Mr. E. Spirak, RIF Towing Services, stated RIF Towing was notified of the Request for Proposal (RFP) three days later than all the other firms. He maintained that the late notification, compounded with their attempt to amalgamate three firms into one, provided them inadequate opportunity to properly respond to the RFP. He felt the RFP should have been published in the Ottawa Sun and other local papers because not all firms have access to MERX and not everyone subscribes to the Ottawa Citizen. In addition, Mr. Spirak explained the closing date of the RFP was the first time he entered the building at 111 Lisgar Street and he had difficulty locating the correct drop-off location. He indicated that after asking for directions from several people in the building, he eventually arrived at the Clerk’s reception at 3:08 p.m.. He argued the fact that his document was stamped at 3:26 p.m. can be attributed to the fact that different clocks give different times. Mr. Spirak stressed his firm should not be penalized for the late arrival. In closing, he suggested the RFP process should be redone in order to make the terms fair to all parties involved.

Chair Kreling noted a letter from Ms. R. Fleming, RIF Towing Services, was circulated to Board members prior to the meeting.

In reponse to questions from Chair Kreling, Mr Andrews confirmed the RFP was posted on MERX and notification faxes were sent out on March 1st. On March 2nd, two companies were notified by telephone when fax transmission reports showed that their faxed notices had not been received. In addition, Mr. Andrews stated he has a record of an e-mail notice sent to RIF Towing on March 2nd and that a representative of RIF picked-up the proposal package on March 15th.

Although Chair Kreling sympathized with Mr. Spirak’s situation, he stressed staff have been advised that all late proposals have to be returned and he noted the public tendering process is stringently maintained.

In response to a question from member Legendre, Mr. Andrews indicated that proposal documents contain a clear and consistent statement instructing proponents as to the time and location for drop-offs. He noted all proposals are due at the Regional Clerk’s Department by 3:00 p.m. on the appointed date. He re-iterated the proposal documents were posted on the MERX and were available for pick-up at the RMOC Supply Management Division.

Because more than one delegation has expressed an unease about the way the contracts will be monitored and about what will happen if a firm is non-compliant, Member Legendre indicated he was not comfortable awarding the contract at this time. He wondered whether successful firms were scored based on existing facilities or on their promise to have facilities in place within thirty days of the contract. Mr. Andrews acknowledged some firms will need to make enhancements to their facilities as a condition of the contract.

Member Legendre stated he does not agree with the terms of the RFP and he requested that staff be vigilant in monitoring the conditions of the service and the performance of the firms to ensure compliance. He believed that if the selected companies do not comply with the terms of their contracts, many other companies will be able and willing to provide their services. In closing, member Legendre indicated he would dissent on the item. He noted he had tried at an earlier meeting to separate impound and towing services, and still did not understand why they were connected.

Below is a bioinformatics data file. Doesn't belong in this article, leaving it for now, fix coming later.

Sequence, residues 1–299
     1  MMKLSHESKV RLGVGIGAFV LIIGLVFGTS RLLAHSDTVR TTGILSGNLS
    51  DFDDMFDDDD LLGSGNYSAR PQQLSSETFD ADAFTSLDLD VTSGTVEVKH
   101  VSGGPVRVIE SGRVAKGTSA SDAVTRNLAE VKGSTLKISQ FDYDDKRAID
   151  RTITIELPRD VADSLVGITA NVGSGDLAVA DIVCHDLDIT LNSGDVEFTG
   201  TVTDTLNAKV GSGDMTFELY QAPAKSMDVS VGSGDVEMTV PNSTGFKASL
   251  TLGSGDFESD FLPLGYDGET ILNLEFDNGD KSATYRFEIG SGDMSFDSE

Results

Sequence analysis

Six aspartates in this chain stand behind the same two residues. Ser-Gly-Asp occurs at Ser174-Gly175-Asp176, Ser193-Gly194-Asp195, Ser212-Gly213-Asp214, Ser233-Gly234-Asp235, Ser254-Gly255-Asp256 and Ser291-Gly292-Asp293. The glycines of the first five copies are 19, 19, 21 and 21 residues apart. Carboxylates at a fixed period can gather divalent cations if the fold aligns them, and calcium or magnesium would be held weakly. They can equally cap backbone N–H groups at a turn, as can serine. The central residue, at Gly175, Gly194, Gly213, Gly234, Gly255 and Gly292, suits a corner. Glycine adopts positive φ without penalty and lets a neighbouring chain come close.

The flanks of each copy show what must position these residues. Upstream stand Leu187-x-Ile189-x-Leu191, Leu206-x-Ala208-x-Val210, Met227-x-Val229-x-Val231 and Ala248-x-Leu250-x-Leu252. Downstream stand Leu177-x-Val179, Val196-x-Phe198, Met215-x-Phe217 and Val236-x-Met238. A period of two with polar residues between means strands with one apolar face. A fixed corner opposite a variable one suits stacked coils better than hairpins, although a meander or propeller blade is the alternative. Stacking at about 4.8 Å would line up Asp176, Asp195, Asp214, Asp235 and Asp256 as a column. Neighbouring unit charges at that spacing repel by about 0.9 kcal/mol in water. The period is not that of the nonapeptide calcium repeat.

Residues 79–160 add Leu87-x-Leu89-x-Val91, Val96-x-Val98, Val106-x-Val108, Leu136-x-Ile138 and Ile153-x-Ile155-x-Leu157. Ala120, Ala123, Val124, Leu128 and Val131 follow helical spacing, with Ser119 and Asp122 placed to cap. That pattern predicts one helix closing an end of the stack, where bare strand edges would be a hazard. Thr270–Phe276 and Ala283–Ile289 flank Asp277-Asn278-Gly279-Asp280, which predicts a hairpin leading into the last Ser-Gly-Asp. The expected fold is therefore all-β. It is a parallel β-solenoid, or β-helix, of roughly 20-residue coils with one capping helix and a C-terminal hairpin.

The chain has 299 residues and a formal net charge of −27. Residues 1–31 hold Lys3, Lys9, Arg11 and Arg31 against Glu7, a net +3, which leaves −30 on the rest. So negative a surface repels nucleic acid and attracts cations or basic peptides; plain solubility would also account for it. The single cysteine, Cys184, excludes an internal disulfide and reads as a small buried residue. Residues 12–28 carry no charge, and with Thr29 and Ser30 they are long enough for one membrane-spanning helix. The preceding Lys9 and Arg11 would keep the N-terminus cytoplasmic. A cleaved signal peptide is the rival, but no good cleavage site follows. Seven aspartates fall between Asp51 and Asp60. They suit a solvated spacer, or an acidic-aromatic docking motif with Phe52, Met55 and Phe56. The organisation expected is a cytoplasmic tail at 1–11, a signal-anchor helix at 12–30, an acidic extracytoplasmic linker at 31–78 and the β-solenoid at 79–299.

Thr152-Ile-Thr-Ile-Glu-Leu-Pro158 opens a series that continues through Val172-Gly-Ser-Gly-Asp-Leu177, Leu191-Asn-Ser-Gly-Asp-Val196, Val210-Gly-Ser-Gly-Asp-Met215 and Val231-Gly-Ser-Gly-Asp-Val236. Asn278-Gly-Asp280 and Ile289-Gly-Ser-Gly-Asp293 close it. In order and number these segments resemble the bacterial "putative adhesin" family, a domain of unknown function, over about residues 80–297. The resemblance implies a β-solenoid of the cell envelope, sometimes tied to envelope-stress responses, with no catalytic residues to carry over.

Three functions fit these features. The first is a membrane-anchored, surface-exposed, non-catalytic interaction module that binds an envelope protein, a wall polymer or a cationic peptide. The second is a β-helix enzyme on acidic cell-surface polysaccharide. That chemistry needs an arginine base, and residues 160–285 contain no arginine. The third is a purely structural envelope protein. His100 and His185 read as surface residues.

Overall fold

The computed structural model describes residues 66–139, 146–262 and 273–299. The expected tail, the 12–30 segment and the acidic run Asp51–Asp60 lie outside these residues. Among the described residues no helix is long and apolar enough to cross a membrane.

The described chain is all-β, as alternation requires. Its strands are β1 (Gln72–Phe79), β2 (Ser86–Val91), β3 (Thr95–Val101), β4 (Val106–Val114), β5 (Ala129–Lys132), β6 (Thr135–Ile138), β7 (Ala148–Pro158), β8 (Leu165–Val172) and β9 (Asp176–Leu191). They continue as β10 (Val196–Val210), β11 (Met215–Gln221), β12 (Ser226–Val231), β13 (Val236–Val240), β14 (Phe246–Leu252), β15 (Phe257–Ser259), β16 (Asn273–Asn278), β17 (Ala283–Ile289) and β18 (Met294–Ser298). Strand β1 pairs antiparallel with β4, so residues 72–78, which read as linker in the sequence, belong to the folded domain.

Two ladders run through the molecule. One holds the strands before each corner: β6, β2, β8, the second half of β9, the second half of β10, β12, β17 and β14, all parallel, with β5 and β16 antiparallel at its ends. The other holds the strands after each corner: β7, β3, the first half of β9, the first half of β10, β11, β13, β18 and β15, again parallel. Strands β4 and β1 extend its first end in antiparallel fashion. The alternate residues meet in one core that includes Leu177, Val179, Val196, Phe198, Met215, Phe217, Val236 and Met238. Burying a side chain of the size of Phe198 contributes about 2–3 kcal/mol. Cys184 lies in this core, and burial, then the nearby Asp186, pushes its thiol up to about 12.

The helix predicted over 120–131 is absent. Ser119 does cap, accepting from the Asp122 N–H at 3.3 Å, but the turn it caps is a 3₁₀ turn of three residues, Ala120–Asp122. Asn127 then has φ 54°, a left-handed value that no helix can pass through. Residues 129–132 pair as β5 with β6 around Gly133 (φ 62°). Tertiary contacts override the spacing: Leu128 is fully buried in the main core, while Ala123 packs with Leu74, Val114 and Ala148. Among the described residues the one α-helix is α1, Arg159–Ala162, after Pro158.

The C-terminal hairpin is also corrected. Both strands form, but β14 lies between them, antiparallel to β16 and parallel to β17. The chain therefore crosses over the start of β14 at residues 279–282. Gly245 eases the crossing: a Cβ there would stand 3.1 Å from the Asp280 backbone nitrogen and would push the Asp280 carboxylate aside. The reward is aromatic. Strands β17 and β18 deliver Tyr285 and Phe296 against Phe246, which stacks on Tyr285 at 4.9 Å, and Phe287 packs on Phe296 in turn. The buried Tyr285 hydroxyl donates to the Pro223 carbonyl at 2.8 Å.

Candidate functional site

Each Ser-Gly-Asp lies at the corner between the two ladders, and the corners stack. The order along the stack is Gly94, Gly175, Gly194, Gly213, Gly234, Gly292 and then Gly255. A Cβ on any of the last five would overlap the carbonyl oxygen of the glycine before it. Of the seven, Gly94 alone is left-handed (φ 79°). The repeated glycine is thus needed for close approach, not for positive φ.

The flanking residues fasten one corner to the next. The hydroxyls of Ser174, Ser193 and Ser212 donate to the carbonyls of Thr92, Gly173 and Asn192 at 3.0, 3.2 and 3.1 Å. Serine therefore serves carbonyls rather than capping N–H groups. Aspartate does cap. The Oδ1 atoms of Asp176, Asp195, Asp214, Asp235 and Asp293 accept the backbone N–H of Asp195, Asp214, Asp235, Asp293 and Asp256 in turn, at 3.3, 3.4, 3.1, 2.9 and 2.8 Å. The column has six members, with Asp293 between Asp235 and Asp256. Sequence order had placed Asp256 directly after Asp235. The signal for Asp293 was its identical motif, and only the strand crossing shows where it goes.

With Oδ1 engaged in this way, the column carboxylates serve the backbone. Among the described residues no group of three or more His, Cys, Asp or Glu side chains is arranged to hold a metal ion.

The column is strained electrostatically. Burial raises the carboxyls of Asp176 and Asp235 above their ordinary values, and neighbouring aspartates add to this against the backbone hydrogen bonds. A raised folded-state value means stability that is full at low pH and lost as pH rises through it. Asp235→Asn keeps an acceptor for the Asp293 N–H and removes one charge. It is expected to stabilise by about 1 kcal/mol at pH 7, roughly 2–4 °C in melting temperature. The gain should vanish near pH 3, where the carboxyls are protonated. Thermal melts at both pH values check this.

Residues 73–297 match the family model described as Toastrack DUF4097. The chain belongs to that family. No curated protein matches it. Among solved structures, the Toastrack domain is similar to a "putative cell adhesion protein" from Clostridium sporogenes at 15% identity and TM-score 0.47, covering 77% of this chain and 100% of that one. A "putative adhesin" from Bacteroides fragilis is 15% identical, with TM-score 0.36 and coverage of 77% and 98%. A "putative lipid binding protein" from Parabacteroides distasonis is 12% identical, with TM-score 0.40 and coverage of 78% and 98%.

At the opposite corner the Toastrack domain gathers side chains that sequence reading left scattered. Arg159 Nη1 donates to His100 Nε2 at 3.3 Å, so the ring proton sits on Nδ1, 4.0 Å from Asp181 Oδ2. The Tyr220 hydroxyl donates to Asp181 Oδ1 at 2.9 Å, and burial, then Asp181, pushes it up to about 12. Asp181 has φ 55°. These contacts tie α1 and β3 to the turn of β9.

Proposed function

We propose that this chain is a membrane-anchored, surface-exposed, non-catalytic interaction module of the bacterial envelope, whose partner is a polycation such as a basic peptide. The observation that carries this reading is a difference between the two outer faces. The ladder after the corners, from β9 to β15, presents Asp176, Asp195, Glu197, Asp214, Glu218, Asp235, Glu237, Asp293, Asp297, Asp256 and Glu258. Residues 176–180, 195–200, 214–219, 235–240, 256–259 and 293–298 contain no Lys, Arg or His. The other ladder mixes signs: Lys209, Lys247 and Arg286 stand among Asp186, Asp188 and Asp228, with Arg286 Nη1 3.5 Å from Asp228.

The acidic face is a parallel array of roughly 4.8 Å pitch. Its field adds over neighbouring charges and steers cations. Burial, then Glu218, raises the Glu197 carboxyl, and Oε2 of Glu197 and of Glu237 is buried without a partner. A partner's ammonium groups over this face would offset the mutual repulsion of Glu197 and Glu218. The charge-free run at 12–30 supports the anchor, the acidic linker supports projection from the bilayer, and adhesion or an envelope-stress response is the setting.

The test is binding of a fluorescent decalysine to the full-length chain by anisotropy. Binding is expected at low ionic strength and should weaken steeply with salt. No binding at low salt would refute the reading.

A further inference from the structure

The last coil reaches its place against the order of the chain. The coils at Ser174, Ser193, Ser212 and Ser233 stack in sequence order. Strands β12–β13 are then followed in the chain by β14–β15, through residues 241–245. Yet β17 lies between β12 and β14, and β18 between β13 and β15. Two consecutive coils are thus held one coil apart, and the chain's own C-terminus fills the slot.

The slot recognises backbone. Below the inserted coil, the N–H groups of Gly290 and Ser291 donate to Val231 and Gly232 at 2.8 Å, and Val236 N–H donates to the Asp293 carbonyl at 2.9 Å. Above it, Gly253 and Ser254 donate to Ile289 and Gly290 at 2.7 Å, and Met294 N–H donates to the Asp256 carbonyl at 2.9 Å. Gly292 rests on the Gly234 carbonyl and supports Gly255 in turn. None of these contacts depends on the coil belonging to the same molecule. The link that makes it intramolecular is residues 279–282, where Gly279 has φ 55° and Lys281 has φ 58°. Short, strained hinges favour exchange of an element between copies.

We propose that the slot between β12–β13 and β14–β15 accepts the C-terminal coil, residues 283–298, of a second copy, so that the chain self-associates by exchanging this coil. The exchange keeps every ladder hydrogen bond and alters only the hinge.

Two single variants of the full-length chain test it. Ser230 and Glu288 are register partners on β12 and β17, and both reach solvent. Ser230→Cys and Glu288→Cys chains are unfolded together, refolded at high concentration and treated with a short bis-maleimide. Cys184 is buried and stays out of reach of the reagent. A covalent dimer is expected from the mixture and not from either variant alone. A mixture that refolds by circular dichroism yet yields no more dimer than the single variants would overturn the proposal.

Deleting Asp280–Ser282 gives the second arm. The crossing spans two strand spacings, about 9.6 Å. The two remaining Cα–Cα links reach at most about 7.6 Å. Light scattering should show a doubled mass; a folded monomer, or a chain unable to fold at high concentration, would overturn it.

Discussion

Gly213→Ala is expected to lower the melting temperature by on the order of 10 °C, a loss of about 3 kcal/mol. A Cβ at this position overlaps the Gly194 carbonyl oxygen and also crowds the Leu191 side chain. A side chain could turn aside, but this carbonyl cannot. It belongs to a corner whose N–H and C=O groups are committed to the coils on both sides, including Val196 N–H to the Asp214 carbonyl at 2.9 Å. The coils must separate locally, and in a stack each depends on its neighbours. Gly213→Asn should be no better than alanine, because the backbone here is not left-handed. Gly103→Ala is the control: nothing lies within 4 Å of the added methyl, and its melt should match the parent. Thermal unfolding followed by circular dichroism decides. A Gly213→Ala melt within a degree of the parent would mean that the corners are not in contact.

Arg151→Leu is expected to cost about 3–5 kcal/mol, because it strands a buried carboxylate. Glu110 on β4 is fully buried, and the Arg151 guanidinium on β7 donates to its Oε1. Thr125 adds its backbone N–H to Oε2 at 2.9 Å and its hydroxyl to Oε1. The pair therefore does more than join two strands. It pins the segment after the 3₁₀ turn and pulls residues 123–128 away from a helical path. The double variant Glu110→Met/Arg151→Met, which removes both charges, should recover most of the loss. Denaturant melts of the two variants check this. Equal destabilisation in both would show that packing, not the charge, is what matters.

That the Ottawa-Carleton Regional Police Services Board award the contract for the provision of towing services in the Regional Municipality of Ottawa-Carleton for the period May 1, 2000 to April 30, 2003, to:

Type "A" (Urban)

East - Ottawa Metro Towing

Central - Ottawa Towing Service

West - Gervais Motors Ltd.

Type "B" (Rural)

East - Gervais Motors Ltd.

West - Kornell’s Towing


(J. Legendre dissented)




- Chief’s report dated 11 Apr 00

Mr. J. Mitchell, Director of Prisoner Escort Operations, Canadian Corps of Commissionaires, indicated the Corps has met with the Association of Municipalities in Ontario, the Ontario Association of Police Services Boards, and fifteen to twenty municipalities across Ontario to discuss the provision of prisoner escort services. He stated a number of municipalities presently use their services for prisoner escorts and non-core functions, and the Corps has discussed the possibility of tendering to provide prisoner escort services for provincial super jails.

In reply to comments by member Legendre, Mr. Mitchell noted some police services boards have expressed a reluctance to privatize such a serious endeavour. He indicated the Corps employs retired police officers and military personnel.

Member Legendre noted that although he feels no such reluctance, he has concerns about accepting an unsolicited proposal and entering into a sole-source arrangement. Mr. Mitchell indicated the Corps would welcome the opportunity to participate in a tendering process.

In reply to a query from Vice Chair Baskerville, Mr. Mitchell indicated the Corps did not provide financial information on potential costs for providing prisoner escort services as it would require an analysis of the current services and costs. He believed any savings would primarily derive from salary costs because the Corps employs retired personnel.

Member Buckingham felt the information provided on existing services was insufficient and proposed a motion that the Chief be directed to provide a comprehensive report with an analysis of the benefits and limitations of the existing prisoner escort service and if any other organization provides the service.